Featured Photo and the Story Behind It

Tuesday, February 28, 2012

Weehawken, NJ- Original photo of Mary Prusko awarding Brad Vickers a VSC decal after passing a vessel safety check. (Coast Guard Auxiliary Photo by Auxiliarist Helen Glass)

On Saturday, June 10th, 2006, 16 individuals in four teams set off from Liberty Yacht Club, Jersey City, in the New York Harbor, in the world’s first North Atlantic Ocean Rowing Race – the Shepherds Ocean Fours Rowing Race 2006. Not only was this the first North Atlantic Ocean Rowing Race, but it was also the first ever to finish in the United Kingdom.

Article by By Auxiliarist Vera Reed, Franklin, NJ

Using identical 29 ft. ocean rowing boats, known as the Woodvale Fours class, these four teams raced on equal terms across 3100nm route to Falmouth, UK. They competed for the greatest endurance accolade available- to be the first to cross the finish line of the most awesome event, in the fastest possible time. Along the way the crews would face many obstacles, including huge North Atlantic swells the height of a house, winds reaching storm Force 10 and container ships the size of a block of flats in one of the world’s busiest shipping routes. The success in an event of this magnitude requires a combination of skills including teamwork, navigation, weather and routing skills, physical and mental strength and to a certain degree an element of luck.

But before they left for this courageous voyage, Mary Prusko, a U. S. Coast Guard Auxiliarist, and other Auxiliarists gave the rowing boats Vessel Safety Checks. The Vessel Safety Check is a complimentary examination that is available to any recreational boater. This examination, performed by qualified Auxiliary members, helps boaters insure their boat’s compliance with Federal regulations.

“A VSC is done as a courtesy and with no risk to the boater–you won’t be in trouble if discrepancies are found,” said BoatU.S. Foundation Assistant Director of Boating Safety, Ted Sensenbrenner. Vessel examiners review both the required and recommended items to have aboard, including life jackets, distress signals, first aid kits, and navigation lights, and also provide tips on the care and use of safety equipment. Additional items covered include the use of local navigation charts, float plans, safe refueling and ventilation practices, marine heads, weather and sea conditions, and survival tips.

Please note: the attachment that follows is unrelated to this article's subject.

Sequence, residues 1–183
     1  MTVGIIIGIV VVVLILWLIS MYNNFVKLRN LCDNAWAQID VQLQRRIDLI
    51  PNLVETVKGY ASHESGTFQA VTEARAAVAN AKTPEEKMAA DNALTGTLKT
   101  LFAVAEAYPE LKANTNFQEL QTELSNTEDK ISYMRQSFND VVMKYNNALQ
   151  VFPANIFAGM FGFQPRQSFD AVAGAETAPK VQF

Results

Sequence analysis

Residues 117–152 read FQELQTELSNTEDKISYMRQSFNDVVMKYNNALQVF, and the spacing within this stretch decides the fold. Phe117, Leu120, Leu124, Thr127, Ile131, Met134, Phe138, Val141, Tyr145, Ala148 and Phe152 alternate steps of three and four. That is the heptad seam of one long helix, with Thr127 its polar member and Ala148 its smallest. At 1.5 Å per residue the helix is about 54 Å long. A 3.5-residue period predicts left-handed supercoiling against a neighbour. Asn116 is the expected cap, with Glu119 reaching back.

A fellow Auxiliarist, Helen Glass, snapped a picture of Ms. Prusko shaking hands with Brad Vickers, skipper of the James Robert Hanssen who just passed the VSC and was awarded a VSC decal.  The James Robert Hanssen won the race but the story doesn’t end there.

U.S. Coast Guard Auxiliary 2012 Vessel Safety Check Poster

In 2007, Helen Glass submitted her photo into the U.S. Coast Guard Auxiliary Public Affairs Photography Contest and it won 2nd place. The two were elated that the photo won. Then unbeknownst to either Auxiliarist, 6 years later, the photo was picked to be a feature photograph on the National 2012 VSC Poster.  When Mary Prusko was shown the new poster she exclaimed “Hey, That’s me!” And this is the story behind the photo.

The United States Coast Guard Auxiliary is the uniformed volunteer component of the United States Coast Guard created by an Act of Congress in 1939. The Auxiliary, America’s Volunteer Lifesavers, support the Coast Guard in nearly all of the service’s missions.

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